The editors approached the 40th anniversary of the International Journal of Lifelong Education as an opportunity to consider the field by exploring how a corpus of 1462 articles (the first 40 volumes of the journal) questioned and shaped the field. A subset of advisory board members and the editors gathered in 2021 in groups to analyse major topics. The records of the reading, analyses and discussions of these groups offer a unique snapshot of the field and the journal’s place in it. In this paper, the editors draw three topics from that work which delineate fundamental debates of lifelong education and reveal how the journal’s authors have contributed to them. The topics are: citizenship and its learning; learning in, through and for work; and widening participation and higher education. Comparing the works contributing to these topical areas indicates how the field is evolving. It becomes clear that research and theory in lifelong education should remain vigilant, critical and robust if the field is to continue as a site of hope for future citizens, workers and students, rather than appropriated as an object for measurement, calculation and deployment for relatively narrow, less-than-human interests.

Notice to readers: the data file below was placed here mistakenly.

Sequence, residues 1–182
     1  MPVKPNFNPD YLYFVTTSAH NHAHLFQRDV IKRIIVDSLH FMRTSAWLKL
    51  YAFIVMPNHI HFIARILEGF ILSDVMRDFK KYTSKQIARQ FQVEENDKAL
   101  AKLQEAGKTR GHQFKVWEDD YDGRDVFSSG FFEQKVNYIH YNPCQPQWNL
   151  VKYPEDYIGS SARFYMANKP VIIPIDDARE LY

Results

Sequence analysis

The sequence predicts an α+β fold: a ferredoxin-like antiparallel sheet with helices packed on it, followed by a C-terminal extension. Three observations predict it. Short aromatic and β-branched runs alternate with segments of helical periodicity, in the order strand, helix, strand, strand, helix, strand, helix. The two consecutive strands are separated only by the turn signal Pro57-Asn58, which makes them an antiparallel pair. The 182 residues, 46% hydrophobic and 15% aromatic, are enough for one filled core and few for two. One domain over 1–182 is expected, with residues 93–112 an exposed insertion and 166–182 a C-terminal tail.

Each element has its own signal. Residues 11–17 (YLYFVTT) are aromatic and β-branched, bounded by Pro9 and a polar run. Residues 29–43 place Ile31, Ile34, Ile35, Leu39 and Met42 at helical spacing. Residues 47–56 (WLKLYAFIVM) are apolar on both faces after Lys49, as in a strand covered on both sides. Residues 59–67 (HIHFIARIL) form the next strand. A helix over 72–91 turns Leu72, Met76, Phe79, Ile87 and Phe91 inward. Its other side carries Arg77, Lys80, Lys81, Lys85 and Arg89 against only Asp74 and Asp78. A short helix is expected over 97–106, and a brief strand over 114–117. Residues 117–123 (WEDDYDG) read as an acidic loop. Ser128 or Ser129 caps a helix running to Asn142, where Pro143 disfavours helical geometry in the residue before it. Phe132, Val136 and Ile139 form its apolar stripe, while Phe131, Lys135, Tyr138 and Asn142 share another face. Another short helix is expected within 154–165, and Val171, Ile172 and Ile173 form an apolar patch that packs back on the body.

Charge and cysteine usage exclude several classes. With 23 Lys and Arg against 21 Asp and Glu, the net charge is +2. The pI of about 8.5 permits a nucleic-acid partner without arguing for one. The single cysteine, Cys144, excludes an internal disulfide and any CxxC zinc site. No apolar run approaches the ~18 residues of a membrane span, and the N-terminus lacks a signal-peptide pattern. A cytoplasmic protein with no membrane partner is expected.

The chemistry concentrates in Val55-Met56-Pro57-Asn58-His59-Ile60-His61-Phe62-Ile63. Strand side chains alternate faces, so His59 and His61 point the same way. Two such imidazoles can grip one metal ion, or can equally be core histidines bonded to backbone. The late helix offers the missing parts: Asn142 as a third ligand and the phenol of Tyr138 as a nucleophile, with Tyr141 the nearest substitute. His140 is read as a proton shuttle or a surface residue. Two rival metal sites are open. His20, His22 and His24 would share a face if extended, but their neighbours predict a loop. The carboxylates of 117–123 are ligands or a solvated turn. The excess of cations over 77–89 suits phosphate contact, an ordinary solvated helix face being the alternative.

Shaping the field of lifelong education through three critical debates in the International Journal of Lifelong Education

John Holford
;
Marcella Milana;Susan Webb;
2023-01-01

Abstract

The editors approached the 40th anniversary of the International Journal of Lifelong Education as an opportunity to consider the field by exploring how a corpus of 1462 articles (the first 40 volumes of the journal) questioned and shaped the field. A subset of advisory board members and the editors gathered in 2021 in groups to analyse major topics. The records of the reading, analyses and discussions of these groups offer a unique snapshot of the field and the journal’s place in it. In this paper, the editors draw three topics from that work which delineate fundamental debates of lifelong education and reveal how the journal’s authors have contributed to them. The topics are: citizenship and its learning; learning in, through and for work; and widening participation and higher education. Comparing the works contributing to these topical areas indicates how the field is evolving. It becomes clear that research and theory in lifelong education should remain vigilant, critical and robust if the field is to continue as a site of hope for future citizens, workers and students, rather than appropriated as an object for measurement, calculation and deployment for relatively narrow, less-than-human interests.
Citizenship
Work
Higher education
Widening participation
Lifelong education
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Utilizza questo identificativo per citare o creare un link a questo documento: https://hdl.handle.net/11562/1082386
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